I have been taking some time to just get into the groove of drawing, and not trying to make things pretty. I feel like I have a lot of ideas that I need to express, and just get out. I like Jama Jurabev's approach to creating really interesting ideas.
It's really interesting because the approaches he identifies in this video https://www.learnsquared.com/courses/narrative-concept/1 help one understand the importance of abstract idea generation; which for me, with someone who deals with serious mental illness and autism is pretty profound because my life has lots of abstraction, so I resonated with Jama's advice.
He talks about putting the fundamentals and learning tools on pause and forgetting about them for the moment (however long that moment is, I guess is defined by the individual) and get into what I like to call a "testing phase." I feel like sometimes we get into this idea that everything has to look like a certain thing if you are a concept artist; which I agree with only partly. I will explain why.
I agree that there are specifics that companies are looking for such as spoken from this website http://onepixelbrush.com/hiring/ on what do's and don'ts should and shouldn't be, which I agree with if you want to work for those companies. Do companies hire those individuals because their stuff looks exactly like what they want their stuff to look like, or do they hire the individual based on their style?
I disagree because I feel like everyone is copying everyone else, a "me too, me too" mentality. There is no self-expression, or creating one's style if something has to look like something else, or someone else's stuff we see all the time on Gumroad videos. I got a comment from an individual from an online community in Discord after I showed him some of my work, and he said your shapes don't look like, (the example he gave was Eytan Zana https://www.artstation.com/eytan) because my shapes were not defined specifically.
I guess I don't understand why specifically defined shapes are important. From Jama's approach in the first link, he talks about how when he was learning, he didn't have people around to help him learn or give him pointers or tips like he is giving us now in the Learn Squared video lessons based on Narrative Concept Art. I haven't taken the whole class, as I only saw the Idea Generation in the Abstraction section for this course. I am in his 3D Concept Art course and Learn Squared has this new feature that allows anyone with an account to get a trial with free unlocked videos per section in the course.
I was the same like Jama, I didn't have people to teach me, only the Universe was teaching me, which didn't give me restrictions on why I should use a brush, or a shape the way I did. All I had was some of the early video DVD's from David Levy (Vyle) https://www.artstation.com/vyle, From Speedpainting to Concept Art who taught me about creating one's own brushes like an eagle or tree, or a brush he called the rooter of which I saw him draw the brush, so that was actually the first brush I created in Photoshop back in 2003, (because of David Levy), so I wanted to draw a similiar brush like his, so I drew my own, (seen below with examples of artwork I used the brush in):
Because this was the first brush I ever made, I used it a lot in the examples below:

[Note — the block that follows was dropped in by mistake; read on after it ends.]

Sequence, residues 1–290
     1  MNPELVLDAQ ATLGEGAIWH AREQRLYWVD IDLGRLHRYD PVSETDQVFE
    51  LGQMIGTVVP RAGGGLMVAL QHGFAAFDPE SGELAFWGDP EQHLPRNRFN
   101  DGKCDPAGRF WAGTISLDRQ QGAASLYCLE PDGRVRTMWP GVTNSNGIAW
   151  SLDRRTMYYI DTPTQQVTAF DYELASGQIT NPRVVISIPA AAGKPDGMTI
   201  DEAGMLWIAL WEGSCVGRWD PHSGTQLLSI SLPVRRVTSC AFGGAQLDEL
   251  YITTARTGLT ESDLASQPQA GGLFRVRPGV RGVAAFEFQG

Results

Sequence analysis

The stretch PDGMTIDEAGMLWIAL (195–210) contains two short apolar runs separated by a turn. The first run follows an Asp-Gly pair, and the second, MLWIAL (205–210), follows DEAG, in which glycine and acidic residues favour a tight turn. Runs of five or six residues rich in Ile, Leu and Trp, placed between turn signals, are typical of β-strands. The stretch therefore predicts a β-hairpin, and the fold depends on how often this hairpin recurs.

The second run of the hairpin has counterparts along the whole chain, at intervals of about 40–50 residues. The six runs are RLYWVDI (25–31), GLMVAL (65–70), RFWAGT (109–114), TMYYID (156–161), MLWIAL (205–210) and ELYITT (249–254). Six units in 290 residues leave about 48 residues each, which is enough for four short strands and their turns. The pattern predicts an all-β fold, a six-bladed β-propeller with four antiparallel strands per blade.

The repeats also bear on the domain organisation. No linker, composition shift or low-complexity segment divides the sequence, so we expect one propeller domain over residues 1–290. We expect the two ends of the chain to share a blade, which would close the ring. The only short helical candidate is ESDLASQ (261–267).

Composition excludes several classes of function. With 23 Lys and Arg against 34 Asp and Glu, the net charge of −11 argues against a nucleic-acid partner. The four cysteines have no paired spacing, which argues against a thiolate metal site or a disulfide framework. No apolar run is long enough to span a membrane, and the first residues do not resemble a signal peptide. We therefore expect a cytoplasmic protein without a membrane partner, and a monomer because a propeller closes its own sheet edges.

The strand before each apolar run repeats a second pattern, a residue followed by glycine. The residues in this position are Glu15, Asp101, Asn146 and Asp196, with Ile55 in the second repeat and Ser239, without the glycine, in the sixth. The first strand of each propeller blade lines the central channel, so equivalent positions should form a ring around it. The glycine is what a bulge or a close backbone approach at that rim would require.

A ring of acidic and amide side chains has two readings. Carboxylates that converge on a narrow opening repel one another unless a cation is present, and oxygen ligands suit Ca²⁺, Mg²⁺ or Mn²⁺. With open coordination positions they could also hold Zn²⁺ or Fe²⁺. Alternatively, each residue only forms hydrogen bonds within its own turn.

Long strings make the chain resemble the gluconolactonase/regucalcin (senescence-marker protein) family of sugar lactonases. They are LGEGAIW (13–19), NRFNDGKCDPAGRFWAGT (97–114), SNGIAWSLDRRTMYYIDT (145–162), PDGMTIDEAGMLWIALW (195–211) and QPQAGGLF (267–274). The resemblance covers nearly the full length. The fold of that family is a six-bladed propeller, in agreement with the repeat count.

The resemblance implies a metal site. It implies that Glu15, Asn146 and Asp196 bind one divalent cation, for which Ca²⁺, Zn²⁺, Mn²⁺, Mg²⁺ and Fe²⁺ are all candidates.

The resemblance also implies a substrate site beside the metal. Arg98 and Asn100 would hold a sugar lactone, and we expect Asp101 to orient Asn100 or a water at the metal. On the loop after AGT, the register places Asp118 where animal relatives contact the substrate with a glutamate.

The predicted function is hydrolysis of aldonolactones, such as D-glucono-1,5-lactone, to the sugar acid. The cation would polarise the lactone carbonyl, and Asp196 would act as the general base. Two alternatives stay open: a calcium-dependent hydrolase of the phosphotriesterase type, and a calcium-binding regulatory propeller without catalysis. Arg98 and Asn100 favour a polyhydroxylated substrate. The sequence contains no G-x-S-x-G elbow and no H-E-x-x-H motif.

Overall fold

I learned from Ryan Church https://www.artstation.com/ryanchurch in Intro to Corel Painter Gnomon DVD, taught me about the chalk brush, using a 1000 px to 2000 px ratio for canvas sizes in both Corel and I applied that to Photoshop also. Here are some examples below combine with the 1 to 2 ratio as can be seen above and below:
I learned from Dylan Cole http://www.dylancolestudio.com/ in The Techniques of Dylan Cole Introduction to Landscape Matte Painting and Intro to Cityscapes and Matte Painting Gnomon DVD, of which I haven't even finished yet along with Derek Thompson in Conceptual Storyboarding Storytelling and Struggle https://www.thegnomonworkshop.com/tutorials/conceptual-storyboarding-storytelling-and-struggle
and Jared Simeth https://www.artstation.com/jsimeth in Matte Painting for Production Gnomon Workshop DVD, taught me about using photos and photobashing within Matte Painting. I didn't like the idea of going online and just dragging anyone's photos from online so I took my own and added them into my paintings with my Canon Digital Rebel XTi DSLR I acquired from loan reimbursement money while attending the Art Institute of Seattle in Media Arts and Animation and the Game Art and Design programs. So I have been trying to combine all these things together to make these different kinds of paintings.
This is a photo I took during a sunset from Springville, Utah and applied it to the drawing above and the painting below.
Photo I took off my back deck and applied it to the concept artwork below to make a new matte painting.
"You are never alone."
But I guess if you were like Jama and didn't have all of the tips and tricks and DVD's to watch, then it would be really challenging to get ideas unless the Universe, God, Source etc, which to me represent Cold White Fire would have to teach the individual trying to progress and learn the best they were able.
I feel really grateful to have a been able to follow and learn from many modern masters including the above on this post, Jama Jurabev, Anthony Jones, and many others.
I have been trying to follow Jama's advice about using abstraction with the rule of thirds; big, medium, small, and using zigzag. https://www.learnsquared.com/courses/narrative-concept/2 Design Principles: Composition within the following below:
Thanks for taking the time to read this blog post. This is work that I have been doing over a period of 2003 to present.
Christopher Stapleton directed by Cold White Fire.